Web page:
Wednesday, September 1, 2010

Conservative Meddling in Gun Registry Could Cost Lives

A CULTURE OF DEFIANCE: History of the Reform-Conservative Party of Canada

On March 5, 2001, RCMP Constable, Jurgen Seewald, 47, was killed with one blast from a shotgun, while responding to a domestic dispute in Cape Dorset, Nunavut. The 26-year veteran of the force had only moved to the northern community a few months earlier. (1)

On December 21, 2001, RCMP Constable Dennis Strongquill, 52, and his partner stop a truck near Russell, Manitoba, intending to cite the driver for failing to dim his high beams. A passenger gets out of the truck and starts shooting. The two officers jump back in their RCMP SUV and start driving toward a nearby RCMP detachment. In the parking lot, the pursuing truck smashes the police SUV into a fence, trapping Strongquill inside. A passenger of the truck gets out and fires a shotgun at Strongquill, fatally wounding him before fleeing the scene. (2)

On February 28, 2004, Martin Ostopovich, after a four-hour standoff with the police, got into his truck with two hunting rifles. Two constables used their cruiser to plow into the truck as a tactical move. When Corporal James Galloway then got out of his vehicle, Ostopovich fired his rifle, killing the officer. (3)

On March 3, 2005, four RCMP officers are ambushed and shot to death on a farm near Rochfort Bridge, Alta. They were investigating reports of stolen auto parts as well as a small marijuana grow operation. They were shot by a man armed with with a high-powered rifle. The suspect, identified as 46-year-old Jim Roszko, also shot himself. (4)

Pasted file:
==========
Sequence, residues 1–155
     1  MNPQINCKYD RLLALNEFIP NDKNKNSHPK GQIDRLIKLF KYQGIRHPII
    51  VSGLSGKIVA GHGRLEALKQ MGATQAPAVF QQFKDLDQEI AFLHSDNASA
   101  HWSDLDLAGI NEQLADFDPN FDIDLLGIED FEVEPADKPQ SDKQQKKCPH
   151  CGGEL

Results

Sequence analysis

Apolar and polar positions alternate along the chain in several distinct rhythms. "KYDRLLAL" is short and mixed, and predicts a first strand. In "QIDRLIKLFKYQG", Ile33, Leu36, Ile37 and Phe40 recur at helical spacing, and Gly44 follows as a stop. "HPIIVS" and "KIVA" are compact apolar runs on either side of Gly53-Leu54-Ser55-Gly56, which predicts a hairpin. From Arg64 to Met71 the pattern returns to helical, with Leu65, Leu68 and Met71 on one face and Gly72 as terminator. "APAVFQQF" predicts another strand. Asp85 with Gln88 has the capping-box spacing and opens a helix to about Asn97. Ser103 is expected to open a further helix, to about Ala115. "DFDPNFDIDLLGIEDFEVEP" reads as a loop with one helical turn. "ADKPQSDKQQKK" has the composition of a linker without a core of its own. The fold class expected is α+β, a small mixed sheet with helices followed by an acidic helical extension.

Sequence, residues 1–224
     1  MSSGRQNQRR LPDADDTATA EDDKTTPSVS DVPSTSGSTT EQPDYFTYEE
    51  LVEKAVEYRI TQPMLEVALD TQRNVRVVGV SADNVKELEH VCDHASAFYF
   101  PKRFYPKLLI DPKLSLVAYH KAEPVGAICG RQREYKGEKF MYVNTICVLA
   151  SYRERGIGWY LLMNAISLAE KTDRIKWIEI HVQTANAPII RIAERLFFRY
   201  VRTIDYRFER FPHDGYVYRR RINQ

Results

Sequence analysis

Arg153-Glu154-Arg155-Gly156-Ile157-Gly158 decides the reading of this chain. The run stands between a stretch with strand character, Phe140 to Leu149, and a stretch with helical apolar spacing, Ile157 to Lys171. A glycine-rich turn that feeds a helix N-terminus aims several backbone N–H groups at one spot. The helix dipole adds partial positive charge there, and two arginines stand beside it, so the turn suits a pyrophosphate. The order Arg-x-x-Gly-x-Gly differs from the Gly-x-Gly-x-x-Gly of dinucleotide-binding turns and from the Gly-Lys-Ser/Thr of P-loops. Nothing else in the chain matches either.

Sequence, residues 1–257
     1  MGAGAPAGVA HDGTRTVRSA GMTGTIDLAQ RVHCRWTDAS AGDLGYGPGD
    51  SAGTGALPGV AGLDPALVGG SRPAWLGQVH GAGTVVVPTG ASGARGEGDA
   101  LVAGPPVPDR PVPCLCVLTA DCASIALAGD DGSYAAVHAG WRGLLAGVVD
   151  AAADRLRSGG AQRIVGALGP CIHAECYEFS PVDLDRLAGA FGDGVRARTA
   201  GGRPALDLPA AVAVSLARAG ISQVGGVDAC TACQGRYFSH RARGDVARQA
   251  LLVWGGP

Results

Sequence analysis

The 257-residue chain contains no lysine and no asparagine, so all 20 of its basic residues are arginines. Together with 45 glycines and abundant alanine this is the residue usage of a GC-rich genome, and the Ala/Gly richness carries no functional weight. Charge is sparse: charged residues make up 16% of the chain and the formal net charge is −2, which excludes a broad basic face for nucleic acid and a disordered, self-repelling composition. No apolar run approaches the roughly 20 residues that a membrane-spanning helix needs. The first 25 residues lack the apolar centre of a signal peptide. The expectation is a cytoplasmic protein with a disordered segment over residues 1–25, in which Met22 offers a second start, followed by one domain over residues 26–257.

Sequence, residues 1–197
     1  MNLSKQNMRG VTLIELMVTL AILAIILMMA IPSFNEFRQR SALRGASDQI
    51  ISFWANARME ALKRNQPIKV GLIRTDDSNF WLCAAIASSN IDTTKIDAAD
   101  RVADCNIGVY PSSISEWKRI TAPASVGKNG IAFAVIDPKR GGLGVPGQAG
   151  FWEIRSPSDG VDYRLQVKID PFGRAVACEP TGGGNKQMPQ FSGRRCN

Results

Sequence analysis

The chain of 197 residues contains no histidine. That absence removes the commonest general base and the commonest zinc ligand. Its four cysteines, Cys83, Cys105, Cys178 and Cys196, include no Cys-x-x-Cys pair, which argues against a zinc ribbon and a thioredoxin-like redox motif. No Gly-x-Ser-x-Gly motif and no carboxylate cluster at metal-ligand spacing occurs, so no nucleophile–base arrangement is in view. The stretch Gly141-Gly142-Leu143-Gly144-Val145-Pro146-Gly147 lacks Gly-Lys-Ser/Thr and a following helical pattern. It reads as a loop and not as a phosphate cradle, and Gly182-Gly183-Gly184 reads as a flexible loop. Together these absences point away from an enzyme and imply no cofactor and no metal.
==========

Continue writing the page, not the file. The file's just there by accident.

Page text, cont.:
On July 7, 2006, two RCMP officers answered a domestic abuse call in Mildred Saskatchewan. The suspect ran out of the house and fled in a pick-up truck, causing the officers to follow. Another RCMP cruiser joined in the chase, when the driver of the truck, began firing a rifle at his pursuers. Const. Robin Cameron, 29, and Const. Marc Bourdages, 26, were both hit and died later in hospital. (5)

Just before midnight, on November 5, 2007; 20-year-old RCMP constable, Douglas Scott, responded to a domestic dispute in the tiny hamlet of Kimmirut, Nunavut. Reports of a drunken man, Pingoatuk Kolola, who had threatened his girlfriend and was now driving around recklessly, caused the officer to proceed with caution. He became even more cautious, when he realized that the man was holding a baby. Koloa, "with a child in one arm and a .30-06-calibre hunting rifle in the other", fired into the passenger window of Scott's vehicle, the fatal bullet going through his head. He died instantly. (6)